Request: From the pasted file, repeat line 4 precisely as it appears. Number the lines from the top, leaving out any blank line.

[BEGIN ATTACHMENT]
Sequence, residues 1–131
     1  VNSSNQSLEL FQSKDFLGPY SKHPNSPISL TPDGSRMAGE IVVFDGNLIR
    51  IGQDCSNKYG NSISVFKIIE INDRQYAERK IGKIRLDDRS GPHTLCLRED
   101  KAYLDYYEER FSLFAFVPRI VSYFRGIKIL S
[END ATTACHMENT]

   101  KAYLDYYEER FSLFAFVPRI VSYFRGIKIL S